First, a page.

The notion of polynomial time complexity has a great importance in KR (as well as many other fields of computer science), as problems that can be solved in polynomial time are to be considered easy, from a computational point of view.

The notion of * polynomial many-one reducibility* also has a very
intuitive meaning when applied to KR: if there exists a polynomial
many-one reduction from one formalism to another one, then the time
complexity of reasoning in the two formalisms is comparable. This
allows to say, e.g., that inference in PL is coNP-complete, i.e. it
is one of the hardest problems among those in the complexity class
coNP.

As a result, we have a formal tool for comparing the difficulty of reasoning in two formalisms. What is missing is a way for saying that one formalism is able to represent the same information in less space.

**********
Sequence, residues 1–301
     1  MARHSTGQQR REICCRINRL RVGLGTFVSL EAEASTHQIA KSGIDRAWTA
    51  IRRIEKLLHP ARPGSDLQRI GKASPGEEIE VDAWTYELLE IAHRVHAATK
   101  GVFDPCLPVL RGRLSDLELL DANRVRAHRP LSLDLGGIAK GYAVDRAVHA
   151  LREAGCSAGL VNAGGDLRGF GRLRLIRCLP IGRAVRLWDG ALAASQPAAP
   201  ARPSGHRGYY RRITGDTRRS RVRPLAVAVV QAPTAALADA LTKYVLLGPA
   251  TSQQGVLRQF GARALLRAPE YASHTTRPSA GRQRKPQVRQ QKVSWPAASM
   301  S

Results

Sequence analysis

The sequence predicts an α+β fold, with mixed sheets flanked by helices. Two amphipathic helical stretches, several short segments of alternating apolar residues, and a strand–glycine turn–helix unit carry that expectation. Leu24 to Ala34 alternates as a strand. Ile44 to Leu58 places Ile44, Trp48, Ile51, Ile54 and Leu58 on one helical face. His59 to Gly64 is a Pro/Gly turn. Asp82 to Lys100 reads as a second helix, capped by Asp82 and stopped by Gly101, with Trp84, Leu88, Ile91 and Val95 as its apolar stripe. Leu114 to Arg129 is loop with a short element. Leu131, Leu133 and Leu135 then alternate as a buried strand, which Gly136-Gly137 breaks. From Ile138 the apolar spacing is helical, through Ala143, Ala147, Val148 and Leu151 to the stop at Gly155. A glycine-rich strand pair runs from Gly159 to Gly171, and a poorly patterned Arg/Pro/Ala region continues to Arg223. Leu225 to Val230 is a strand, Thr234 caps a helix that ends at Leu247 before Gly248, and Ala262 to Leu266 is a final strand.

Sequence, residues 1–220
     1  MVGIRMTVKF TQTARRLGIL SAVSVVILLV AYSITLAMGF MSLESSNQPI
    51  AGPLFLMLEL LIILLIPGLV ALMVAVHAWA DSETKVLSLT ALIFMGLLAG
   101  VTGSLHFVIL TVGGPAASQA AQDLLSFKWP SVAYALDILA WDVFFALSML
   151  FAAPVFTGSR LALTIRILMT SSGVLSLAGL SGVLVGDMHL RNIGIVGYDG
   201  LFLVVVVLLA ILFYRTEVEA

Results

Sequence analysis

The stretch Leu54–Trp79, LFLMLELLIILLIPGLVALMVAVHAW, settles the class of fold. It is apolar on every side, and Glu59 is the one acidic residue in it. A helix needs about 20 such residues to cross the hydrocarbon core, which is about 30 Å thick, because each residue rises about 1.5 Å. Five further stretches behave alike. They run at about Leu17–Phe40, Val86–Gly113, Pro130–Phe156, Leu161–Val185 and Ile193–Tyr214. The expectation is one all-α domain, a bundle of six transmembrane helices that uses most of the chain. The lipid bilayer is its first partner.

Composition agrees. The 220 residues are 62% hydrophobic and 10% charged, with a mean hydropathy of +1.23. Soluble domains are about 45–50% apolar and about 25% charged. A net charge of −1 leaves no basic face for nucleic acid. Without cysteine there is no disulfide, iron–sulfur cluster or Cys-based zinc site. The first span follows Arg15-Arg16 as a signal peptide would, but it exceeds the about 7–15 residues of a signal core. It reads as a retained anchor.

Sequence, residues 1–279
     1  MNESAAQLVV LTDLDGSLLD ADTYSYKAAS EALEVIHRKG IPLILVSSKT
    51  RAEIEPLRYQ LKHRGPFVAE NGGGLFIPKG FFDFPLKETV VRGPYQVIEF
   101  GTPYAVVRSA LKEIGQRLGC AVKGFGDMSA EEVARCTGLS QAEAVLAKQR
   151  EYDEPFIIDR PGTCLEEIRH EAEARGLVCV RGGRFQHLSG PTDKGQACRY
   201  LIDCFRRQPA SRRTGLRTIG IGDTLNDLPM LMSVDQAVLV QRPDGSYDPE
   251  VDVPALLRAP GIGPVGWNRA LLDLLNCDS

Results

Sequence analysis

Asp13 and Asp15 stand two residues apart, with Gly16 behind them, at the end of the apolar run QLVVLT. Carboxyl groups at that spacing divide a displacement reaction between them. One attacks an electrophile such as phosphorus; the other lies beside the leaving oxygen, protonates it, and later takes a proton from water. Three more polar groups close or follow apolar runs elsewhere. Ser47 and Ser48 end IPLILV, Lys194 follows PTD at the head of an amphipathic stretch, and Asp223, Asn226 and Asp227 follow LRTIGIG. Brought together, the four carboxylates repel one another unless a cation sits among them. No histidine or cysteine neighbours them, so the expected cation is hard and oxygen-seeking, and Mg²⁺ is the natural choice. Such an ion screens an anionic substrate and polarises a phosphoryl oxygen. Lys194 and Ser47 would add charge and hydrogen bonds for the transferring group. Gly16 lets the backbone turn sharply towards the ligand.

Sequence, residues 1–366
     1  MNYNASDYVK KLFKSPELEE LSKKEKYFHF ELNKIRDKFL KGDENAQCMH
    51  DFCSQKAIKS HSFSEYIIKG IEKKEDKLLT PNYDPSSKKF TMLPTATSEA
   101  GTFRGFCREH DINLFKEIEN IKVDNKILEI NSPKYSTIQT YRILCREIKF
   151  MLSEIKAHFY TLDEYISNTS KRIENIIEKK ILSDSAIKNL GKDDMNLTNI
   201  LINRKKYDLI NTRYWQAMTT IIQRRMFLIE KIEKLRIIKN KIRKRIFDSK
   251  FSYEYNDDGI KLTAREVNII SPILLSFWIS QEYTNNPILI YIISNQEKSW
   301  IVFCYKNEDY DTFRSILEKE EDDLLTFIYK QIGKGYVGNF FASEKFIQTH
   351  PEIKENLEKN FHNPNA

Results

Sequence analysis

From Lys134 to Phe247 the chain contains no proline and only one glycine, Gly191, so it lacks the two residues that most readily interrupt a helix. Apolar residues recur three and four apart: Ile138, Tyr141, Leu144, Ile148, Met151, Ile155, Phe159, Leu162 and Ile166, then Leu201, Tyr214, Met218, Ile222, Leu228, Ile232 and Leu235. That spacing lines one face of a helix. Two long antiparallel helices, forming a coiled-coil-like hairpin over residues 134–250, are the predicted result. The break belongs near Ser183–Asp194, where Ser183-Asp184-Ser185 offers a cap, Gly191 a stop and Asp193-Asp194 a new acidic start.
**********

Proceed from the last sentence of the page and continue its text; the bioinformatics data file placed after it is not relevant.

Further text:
We consider again the lunch scenario of the previous example. We show that we can reduce the size of the representation using circumscription instead of Propositional Logic. In PL, the knowledge of the previous example was represented by the formula :

The set of models of this formula is , and the models of are exactly the minimal models of the formula defined as follows.

By the definition of circumscription [41] it holds that is equivalent to . Note that is shorter than . If this result can be proved to hold for arbitrary sets of models, we may conclude that circumscription is more space efficient than Propositional Logic in representing knowledge expressed as sets of models.

Our goal is to provide a formal way of talking about the relative ability of PKR formalisms to compactly represent information, where the information is either a set of models or a set of theorems. In particular, we would like to be able to say that a specific PKR formalism provides ``one of the most compact ways to represent models/theorems'' among the PKR formalisms of a specific class.